Press Freedom, New Media and Political Communication in Malaysia - A Society in Flux

Eine Gesellschaft im Wandel

“Malaysia, truly Asia” is the motto with which the government of the south-east Asian tiger economy courts visitors from all over the world; a catchy slogan which not only incorporates the rich biodiversity, ethnic, religious and cultural diversity of the country, but also describes a tarnished reality. This includes the rigid social and political conditions under which Malaysia has been governed since its independence in 1957. Reporters Without Borders placed Malaysia 131st on its 2009 ranking of press freedom, just ahead of Singapore and directly behind Thailand.

Revolution 2.0: Putting the Fear into Authoritarian Regimes

Digital Culture and Political Communication in Latin America

In March 2008, Cuba was one of the last countries of the world to loosen its restrictions on the ownership and use of cell phones by private individuals. Previously, restrictions regarding computers and other electronic devices had been lifted already. The consequences are there for all to see. With this step, Cuba too finally moved into the digital age. What is of particular importance for the political opposition in this context is the impact in terms of publicity and visibility.

The Internet´s Impact on Political Parties and Campaigns

As the Internet age dawned in the late 1990’s, it became cliché to suggest the Internet would “change everything.” Now, more than twenty-five years after the birth of the worldwide web, the Internet has become a central part of the daily lives of people across the planet. It has quickly developed into the hub through which individuals communicate, maintain social relationships, conduct commerce, acquire knowledge, and even entertain themselves.

A Tiger Ready to Pounce?

Vietnam’s Economic and Political Coordinates in Southeast Asia

Since the Doi Moi reforms were announced in 1986, there has been continual economic development, measured by economic growth. Even temporary, negative influences, such as the Asian crisis of 1997 or the ongoing global financial and economic crisis, have not jeopardized this trend.


Auslandsinformationen 5/2010

In this edition of International Reports, we investigate the economic development and the political ambitions of the G20 members India, Saudi Arabia, Korea, Turkey, and South Africa. Alongside the G8 countries, they are important players, with whom we are fostering – and continue to foster – political dialog.

India’s Economic Policy and the Necessity for a Financial Model

Until 1991, the year when extensive liberalization measures began, India was considered – in terms of its regulations on the domestic economy, its customs and its quantitative trade restrictions – as one of the world’s most highly regulated national economies among democratic countries.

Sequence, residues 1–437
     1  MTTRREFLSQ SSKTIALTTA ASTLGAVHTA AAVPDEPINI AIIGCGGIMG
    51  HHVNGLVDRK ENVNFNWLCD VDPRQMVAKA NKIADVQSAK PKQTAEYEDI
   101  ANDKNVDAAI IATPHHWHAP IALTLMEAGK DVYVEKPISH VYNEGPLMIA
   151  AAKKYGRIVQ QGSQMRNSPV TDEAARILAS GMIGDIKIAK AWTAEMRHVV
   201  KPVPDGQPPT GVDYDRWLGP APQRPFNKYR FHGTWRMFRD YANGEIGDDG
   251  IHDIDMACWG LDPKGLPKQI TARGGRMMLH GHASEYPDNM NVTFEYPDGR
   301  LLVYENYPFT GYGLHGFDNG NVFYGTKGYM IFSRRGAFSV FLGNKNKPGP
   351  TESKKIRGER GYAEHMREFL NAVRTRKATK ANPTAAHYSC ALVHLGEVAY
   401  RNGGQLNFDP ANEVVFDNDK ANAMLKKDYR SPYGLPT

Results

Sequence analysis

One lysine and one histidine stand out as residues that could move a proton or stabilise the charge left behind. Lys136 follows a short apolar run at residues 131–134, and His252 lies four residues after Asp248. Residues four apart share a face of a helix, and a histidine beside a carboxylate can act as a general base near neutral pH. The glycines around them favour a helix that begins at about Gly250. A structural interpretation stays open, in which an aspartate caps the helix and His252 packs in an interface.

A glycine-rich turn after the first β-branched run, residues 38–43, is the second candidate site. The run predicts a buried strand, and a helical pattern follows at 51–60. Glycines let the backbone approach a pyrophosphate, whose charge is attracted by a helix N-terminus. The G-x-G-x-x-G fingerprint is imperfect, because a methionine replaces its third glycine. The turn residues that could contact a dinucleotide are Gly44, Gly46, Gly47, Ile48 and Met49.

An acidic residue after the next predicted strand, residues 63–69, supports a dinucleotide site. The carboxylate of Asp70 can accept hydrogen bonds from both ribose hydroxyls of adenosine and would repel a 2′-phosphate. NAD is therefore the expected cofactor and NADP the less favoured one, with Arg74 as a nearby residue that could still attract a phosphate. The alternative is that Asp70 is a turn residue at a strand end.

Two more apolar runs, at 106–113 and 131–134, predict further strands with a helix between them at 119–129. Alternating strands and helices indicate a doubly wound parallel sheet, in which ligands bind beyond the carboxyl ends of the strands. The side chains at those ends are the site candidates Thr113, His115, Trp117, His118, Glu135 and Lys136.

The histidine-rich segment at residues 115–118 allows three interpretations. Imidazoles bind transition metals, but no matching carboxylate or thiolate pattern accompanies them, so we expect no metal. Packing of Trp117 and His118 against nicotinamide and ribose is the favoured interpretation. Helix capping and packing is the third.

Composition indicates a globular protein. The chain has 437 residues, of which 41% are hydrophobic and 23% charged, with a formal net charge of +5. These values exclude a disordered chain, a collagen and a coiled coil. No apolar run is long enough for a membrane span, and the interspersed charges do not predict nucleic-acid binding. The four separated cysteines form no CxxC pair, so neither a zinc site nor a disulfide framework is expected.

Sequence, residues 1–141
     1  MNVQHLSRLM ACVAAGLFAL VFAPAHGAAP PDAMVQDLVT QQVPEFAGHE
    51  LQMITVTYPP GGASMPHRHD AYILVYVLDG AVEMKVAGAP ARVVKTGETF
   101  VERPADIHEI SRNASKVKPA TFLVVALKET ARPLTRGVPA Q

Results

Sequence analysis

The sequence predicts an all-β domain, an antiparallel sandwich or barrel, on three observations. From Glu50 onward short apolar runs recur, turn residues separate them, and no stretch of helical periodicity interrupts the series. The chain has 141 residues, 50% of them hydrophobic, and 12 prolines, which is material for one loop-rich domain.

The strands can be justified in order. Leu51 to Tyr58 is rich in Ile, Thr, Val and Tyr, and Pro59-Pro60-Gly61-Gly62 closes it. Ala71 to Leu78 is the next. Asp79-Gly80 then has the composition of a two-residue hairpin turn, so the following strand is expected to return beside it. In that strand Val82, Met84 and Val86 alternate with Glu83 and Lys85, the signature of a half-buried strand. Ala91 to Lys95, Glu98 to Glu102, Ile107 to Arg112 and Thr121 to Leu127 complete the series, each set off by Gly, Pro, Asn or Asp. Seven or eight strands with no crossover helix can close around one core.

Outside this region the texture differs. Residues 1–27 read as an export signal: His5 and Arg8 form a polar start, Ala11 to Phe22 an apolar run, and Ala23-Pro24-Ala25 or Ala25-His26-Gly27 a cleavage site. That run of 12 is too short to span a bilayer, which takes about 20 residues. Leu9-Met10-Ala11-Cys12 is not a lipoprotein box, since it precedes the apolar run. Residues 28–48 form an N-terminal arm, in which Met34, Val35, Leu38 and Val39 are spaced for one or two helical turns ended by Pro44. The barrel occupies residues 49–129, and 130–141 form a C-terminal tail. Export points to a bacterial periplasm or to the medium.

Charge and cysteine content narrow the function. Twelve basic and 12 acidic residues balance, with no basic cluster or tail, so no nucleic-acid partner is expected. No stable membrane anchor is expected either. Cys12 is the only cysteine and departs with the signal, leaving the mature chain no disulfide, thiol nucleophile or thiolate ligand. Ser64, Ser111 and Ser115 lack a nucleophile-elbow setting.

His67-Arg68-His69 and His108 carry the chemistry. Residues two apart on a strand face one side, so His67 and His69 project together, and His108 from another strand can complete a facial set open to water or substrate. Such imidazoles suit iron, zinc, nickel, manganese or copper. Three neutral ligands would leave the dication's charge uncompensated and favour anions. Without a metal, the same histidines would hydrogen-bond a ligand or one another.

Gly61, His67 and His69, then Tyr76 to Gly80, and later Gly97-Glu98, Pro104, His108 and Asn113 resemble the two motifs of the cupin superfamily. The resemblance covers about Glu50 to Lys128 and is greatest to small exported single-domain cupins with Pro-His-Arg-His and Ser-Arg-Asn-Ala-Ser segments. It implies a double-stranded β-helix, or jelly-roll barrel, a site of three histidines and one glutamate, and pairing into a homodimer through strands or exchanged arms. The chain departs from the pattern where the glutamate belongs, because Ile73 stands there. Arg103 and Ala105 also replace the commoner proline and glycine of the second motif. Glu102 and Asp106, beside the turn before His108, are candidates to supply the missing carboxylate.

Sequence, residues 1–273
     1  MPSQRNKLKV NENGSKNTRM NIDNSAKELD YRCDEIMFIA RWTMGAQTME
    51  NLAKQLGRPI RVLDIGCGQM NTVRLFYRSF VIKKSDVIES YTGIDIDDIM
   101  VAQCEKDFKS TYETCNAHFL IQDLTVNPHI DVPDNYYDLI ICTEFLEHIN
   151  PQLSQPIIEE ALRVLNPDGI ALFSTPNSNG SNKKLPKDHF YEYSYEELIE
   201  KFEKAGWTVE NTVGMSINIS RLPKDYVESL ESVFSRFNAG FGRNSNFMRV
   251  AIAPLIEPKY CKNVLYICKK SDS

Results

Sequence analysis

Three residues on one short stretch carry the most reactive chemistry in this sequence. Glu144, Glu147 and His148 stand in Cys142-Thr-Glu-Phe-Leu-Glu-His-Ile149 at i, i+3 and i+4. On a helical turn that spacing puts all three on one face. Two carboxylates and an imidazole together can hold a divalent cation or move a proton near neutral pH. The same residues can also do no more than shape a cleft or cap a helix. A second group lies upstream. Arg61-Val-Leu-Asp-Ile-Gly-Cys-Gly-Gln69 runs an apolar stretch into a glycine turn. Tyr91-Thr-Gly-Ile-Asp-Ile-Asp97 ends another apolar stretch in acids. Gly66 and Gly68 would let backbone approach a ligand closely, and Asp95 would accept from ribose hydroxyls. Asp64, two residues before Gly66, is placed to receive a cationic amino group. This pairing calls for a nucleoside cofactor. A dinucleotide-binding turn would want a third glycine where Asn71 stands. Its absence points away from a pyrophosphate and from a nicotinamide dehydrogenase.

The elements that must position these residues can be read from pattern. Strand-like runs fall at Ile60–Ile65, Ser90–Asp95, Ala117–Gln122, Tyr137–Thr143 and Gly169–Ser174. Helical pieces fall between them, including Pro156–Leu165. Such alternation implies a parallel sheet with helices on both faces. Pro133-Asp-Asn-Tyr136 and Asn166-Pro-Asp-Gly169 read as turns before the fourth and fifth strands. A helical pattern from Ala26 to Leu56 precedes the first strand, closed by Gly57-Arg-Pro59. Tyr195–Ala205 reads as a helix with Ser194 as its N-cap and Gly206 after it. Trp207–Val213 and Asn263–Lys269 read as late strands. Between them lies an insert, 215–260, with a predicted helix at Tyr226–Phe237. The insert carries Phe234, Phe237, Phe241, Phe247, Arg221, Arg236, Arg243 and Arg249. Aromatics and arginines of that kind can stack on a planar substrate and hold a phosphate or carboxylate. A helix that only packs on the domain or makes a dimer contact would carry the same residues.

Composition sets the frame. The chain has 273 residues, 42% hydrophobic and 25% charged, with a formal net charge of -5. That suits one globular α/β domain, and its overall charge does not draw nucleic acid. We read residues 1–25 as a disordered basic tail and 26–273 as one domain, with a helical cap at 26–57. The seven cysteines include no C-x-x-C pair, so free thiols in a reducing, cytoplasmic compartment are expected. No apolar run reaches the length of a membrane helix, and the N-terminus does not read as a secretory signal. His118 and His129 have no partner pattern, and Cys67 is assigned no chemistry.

Religion and Global Development - Contributions to the Current Debate from a Development Policy Perspective

The issue of how important religion can be for the development of a country and, thus, for the success of development policy, is nothing new. There are various standard works on religious sociology as well as a more recent spate of studies examining the links between religion and violence in politics and society worldwide.

South Africa’s Objectives at the G20

Economic diplomacy matters to South Africa and Africa, because the rules of the game help determine the space available at the national level for economic policymaking. In an increasingly multi-polar world, international economic negotiations offer one way in which South Africa and Africa can influence the rules of the game and thereby help maximise their own space to make domestic economic policy.

South Korea and the G20

Asia’s Poorhouse Emerges as Economic Miracle Nation

South Korea has already drawn attention to itself with ambitious plans for climate protection and green growth, and is setting a good example. Its aim is to establish a stronger presence on the international stage for itself, thus gaining more influence worldwide.

The Rise of the Gulf: Saudi Arabia as a Global Player

Saudi Arabia is the largest economy of an emerging regional block, the Gulf Cooperation Council (GCC) formed by Bahrain, Kuwait, Oman, Qatar, the United Arab Emirates and the Saudis. The Kingdom of Saudi Arabia contributes with 49% of the total GDP of the economic bloc and 67% of the total population.

About this series

This periodical responds to questions concerning international issues, foreign policy and development cooperation. It is aimed at access of information about the international work for public and experts.

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Dr. Gerhard Wahlers



Benjamin Gaul

Benjamin Gaul

Head of the Department International Reports and Communication +49 30 26996 3584

Dr. Sören Soika


Editor-in-Chief International Reports (Ai) +49 30 26996 3388

Kim Karcher

Portrait von Kim Karcher

Referentin Kommunikation und Vermarktung +49 30 / 2 69 96 - 2387

Gerrit Wilcke

Gerrit Wilcke

Desk Officer for Communication and Marketing +49 30 26996-3933

Fabian Wagener

Fabian Wagener

Desk Officer for Multimedia +49 30-26996-3943